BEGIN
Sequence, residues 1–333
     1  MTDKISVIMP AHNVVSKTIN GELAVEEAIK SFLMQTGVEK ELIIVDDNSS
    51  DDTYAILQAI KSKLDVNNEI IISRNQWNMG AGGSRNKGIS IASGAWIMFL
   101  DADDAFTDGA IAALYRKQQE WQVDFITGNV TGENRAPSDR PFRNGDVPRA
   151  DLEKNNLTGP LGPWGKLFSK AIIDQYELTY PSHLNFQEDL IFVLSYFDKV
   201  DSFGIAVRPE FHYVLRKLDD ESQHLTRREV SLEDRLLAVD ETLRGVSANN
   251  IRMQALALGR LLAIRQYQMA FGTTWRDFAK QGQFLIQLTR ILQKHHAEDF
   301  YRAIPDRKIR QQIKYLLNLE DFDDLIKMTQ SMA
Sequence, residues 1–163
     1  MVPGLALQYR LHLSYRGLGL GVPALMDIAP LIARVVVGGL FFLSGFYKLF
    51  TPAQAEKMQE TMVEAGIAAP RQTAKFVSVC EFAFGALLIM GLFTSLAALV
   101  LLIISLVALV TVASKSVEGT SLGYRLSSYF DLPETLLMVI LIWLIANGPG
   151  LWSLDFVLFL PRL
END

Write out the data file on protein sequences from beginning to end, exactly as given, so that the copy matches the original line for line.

Sequence, residues 1–333
     1  MTDKISVIMP AHNVVSKTIN GELAVEEAIK SFLMQTGVEK ELIIVDDNSS
    51  DDTYAILQAI KSKLDVNNEI IISRNQWNMG AGGSRNKGIS IASGAWIMFL
   101  DADDAFTDGA IAALYRKQQE WQVDFITGNV TGENRAPSDR PFRNGDVPRA
   151  DLEKNNLTGP LGPWGKLFSK AIIDQYELTY PSHLNFQEDL IFVLSYFDKV
   201  DSFGIAVRPE FHYVLRKLDD ESQHLTRREV SLEDRLLAVD ETLRGVSANN
   251  IRMQALALGR LLAIRQYQMA FGTTWRDFAK QGQFLIQLTR ILQKHHAEDF
   301  YRAIPDRKIR QQIKYLLNLE DFDDLIKMTQ SMA
Sequence, residues 1–163
     1  MVPGLALQYR LHLSYRGLGL GVPALMDIAP LIARVVVGGL FFLSGFYKLF
    51  TPAQAEKMQE TMVEAGIAAP RQTAKFVSVC EFAFGALLIM GLFTSLAALV
   101  LLIISLVALV TVASKSVEGT SLGYRLSSYF DLPETLLMVI LIWLIANGPG
   151  LWSLDFVLFL PRL